How to create a sudo user – System user
In most of our guides, we use the root user to deploy software. This is because we create a new virtual server for use when creating the guide. Most users won’t have the luxury of a clean server to install software to so for security it’s best practice to use a sudo user and not the root user of the server.
SUDO users are users with administrative permissions on your system. These users use their own username and password to login to the server and run tasks just like the Root user would.
It is advised to create a SUDO user to manage your server rather than using the root account. You can disable root logins once you have a working SUDO user. This would make it harder for a malicious user to compromise your server because they would not know which user has root permissions. In this article, we will show you how to create a SUDO user.
Create a SUSO user using the usermod command
First things first! always update your system. Make it a rule of thumb that every time you log in to your server you run a yum update. This way your system will always be kept up-to-date.
The usermod command adds users to the Wheel group of users and on CentOS systems, this group of users already has administrative privileges.
First, create a new user which you will use as your SUDO user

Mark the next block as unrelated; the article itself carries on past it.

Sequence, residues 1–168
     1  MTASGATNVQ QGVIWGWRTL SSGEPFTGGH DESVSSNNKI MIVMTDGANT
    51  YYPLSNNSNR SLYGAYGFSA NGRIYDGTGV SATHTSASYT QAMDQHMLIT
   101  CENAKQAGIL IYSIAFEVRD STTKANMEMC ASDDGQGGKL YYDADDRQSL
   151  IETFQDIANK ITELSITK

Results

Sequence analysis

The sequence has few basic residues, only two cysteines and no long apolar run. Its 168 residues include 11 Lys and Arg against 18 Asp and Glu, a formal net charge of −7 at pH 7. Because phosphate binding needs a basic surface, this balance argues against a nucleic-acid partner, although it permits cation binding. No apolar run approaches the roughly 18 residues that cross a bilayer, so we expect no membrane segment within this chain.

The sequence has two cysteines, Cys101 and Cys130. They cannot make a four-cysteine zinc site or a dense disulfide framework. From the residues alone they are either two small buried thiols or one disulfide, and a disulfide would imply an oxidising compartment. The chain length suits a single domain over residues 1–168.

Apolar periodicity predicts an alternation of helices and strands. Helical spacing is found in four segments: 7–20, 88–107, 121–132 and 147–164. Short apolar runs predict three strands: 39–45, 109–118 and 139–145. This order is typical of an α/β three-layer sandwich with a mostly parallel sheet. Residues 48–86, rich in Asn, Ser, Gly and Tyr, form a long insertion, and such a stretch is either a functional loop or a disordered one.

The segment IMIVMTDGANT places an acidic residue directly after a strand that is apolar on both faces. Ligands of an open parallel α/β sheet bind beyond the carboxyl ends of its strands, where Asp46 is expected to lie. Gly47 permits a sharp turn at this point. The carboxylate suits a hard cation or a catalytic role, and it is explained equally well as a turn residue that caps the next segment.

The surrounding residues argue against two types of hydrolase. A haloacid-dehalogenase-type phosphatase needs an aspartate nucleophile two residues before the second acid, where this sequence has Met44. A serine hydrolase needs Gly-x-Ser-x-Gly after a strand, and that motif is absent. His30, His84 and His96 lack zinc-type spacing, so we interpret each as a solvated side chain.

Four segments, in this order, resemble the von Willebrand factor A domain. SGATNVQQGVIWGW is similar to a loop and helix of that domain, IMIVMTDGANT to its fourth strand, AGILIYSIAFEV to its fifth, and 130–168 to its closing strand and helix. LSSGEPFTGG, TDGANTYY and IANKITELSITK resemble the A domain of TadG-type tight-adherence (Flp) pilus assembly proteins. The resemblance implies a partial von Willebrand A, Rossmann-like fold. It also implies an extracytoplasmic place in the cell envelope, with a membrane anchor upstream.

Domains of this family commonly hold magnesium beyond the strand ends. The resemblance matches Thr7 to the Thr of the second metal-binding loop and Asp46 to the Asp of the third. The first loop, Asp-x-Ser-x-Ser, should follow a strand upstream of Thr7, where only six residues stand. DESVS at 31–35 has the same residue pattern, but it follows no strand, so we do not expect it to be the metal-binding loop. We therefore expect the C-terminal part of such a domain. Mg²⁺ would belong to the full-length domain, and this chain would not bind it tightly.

Then, create a password for this user
Finally, add the user to the Wheel group using the usermod command. Users in the Wheel group already have administrative privileges.
usermod -aG wheel First2Host
You can now use the SU command to switch to this user and test that user does indeed have administrative privileges.
Then, try to list some files in the root directory. Remember, you need to place sudo in front of any commands you run.
sudo ls -la /root
Or try installing nano to your system
sudo yum install nano -y
Providing your new SUDO user works you can then proceed to restrict access to the root account. If you plan to change your SSH settings to prevent root logins why not also change your SSH port to increase the security of your system whilst you are in that file. Changing your SSH port can reduce the threat of a server compromise by over 50%.
Video Tutorial – Create a SUDO User
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